Saturday, May 22, 2021

The Lost History of a 30s Supermodel (From My Hometown)

 WARNING: No Bourbon Content.

Dana Jenney, photo by Lusha Nelson, Vogue 1937

Dana Jenney Horvath (1914-1992) grew up in Shenandoah, Ohio, a tiny town 12 miles north of Mansfield (my hometown), where her parents ran a general store. I've driven past it thousands of times on OH-13. The store's sign is how you know you are in Shenandoah. 

She went on to become one of the most successful models of the 1930s and early 40s, appearing on covers of every major fashion magazine. She was one of the first supermodels, yet she is little remembered today. 

Dana Jenney then, she attended and graduated from Mansfield Senior High School rather than Union High, a much smaller school closer to Shenandoah. While still in high school she met Charles King, who ran the Ohio Brass Company and whose elegant mansion was a short walk from the school. King's nephew was one of Jenney's classmates and she often swam at the mansion's pool.

King was new money. He entertained often, liberally, and sometimes scandalously. The main business of The Brass (as we always called the company) was selling insulators, conductors, resisters and other components to streetcar lines. In the 20s, new streetcar lines were being built all over the U.S. and King's business was booming.

Jenney graduated from Senior High in 1931 and immediately eloped to Kentucky with her high school sweetheart, the son of another wealthy Mansfield family. Even in my day, growing up in Mansfield almost 40 years later, it was still popular knowledge that if you wanted to get married before age 18, you ran away to Kentucky or West Virginia.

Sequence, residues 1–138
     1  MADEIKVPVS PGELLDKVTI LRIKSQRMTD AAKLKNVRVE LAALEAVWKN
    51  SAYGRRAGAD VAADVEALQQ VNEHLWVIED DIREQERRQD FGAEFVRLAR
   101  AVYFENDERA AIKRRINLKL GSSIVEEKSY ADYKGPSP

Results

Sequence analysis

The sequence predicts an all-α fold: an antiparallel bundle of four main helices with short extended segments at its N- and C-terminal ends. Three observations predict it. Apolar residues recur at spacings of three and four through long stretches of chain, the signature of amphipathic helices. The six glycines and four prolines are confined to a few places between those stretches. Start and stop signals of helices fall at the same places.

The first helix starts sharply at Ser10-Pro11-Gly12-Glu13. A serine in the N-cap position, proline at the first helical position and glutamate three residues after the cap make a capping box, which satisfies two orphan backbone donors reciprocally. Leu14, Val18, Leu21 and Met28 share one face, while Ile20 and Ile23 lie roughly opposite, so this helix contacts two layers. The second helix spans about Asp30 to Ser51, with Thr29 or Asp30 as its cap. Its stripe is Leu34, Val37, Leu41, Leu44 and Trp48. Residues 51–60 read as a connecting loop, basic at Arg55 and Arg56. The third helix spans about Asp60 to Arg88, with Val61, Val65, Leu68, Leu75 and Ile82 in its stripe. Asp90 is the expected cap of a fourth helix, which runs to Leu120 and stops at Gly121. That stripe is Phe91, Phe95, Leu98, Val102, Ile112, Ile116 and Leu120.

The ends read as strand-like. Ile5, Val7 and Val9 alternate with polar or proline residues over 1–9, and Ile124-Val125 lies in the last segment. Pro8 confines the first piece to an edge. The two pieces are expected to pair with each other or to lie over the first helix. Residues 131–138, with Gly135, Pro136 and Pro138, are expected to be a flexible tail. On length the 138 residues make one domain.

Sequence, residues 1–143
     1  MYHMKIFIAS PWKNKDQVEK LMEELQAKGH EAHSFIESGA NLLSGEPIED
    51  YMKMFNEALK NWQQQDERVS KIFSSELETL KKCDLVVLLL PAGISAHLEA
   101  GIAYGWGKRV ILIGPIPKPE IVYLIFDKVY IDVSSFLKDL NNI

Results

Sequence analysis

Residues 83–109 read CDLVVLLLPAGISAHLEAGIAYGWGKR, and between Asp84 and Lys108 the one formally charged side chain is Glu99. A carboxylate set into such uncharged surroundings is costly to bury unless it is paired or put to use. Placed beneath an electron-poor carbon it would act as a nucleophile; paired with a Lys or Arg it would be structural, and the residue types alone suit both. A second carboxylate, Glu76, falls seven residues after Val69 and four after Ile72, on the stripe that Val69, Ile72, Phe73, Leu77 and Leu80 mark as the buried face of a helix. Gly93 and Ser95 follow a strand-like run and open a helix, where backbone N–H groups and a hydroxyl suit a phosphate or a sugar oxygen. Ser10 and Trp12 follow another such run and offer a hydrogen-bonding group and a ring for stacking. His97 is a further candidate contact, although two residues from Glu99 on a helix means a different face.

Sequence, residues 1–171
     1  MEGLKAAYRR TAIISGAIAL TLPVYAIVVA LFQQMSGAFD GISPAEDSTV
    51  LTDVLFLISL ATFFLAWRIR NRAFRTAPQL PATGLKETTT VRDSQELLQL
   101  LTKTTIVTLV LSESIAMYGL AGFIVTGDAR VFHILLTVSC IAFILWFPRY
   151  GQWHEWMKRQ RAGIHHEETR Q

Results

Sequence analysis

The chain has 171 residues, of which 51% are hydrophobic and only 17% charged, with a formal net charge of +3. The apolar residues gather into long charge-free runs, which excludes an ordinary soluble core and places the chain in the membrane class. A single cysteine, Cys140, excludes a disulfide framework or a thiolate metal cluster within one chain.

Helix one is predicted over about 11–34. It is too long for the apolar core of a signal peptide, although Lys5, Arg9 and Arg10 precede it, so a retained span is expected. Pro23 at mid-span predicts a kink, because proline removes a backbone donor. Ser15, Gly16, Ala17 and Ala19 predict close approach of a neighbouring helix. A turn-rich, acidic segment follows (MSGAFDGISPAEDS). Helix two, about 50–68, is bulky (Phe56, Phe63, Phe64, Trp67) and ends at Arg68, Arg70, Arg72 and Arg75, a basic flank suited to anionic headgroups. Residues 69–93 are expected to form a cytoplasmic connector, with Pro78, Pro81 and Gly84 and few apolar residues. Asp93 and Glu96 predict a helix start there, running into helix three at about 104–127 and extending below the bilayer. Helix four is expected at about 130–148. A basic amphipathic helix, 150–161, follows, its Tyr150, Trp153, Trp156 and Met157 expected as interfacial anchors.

When the young couple returned to Mansfield, both families insisted on having the marriage annulled. King then helped Jenney launch her modeling career, first in Cleveland, then New York. They remained friends until his death in 1952. Whenever she visited her family in Shenandoah, King put his car and driver at her disposal. 

In New York, her social circle included Vanderbilts, Rockefellers, and Whitneys. She was one of the first American models to work extensively in Europe. In the early 1940s, Jenney married a wealthy industrialist named George Anton 'Tony' Horvath. They owned two homes in New York, and also in Miami, London and on the French Riviera. Each had their own yacht. 

They had one child, a daughter. Tony died in 1990. Jenney and her daughter moved to Arizona, where she died two years later, age 77. She is buried beside her parents in Shenandoah. 

Charles King is still remembered in Mansfield today because, childless, he left his mansion and its beautifully landscaped grounds to a generously endowed foundation. Today known as Kingwood Center, it figured prominently in my young life and that of many other Mansfielders. The swimming pool where Dana Jenney likely launched her glamorous life was filled in years ago.   


1 comment:

Genseric said...

Great story.. and given the size of the US, probably one of the thousands that, collectively, make the US what it is today.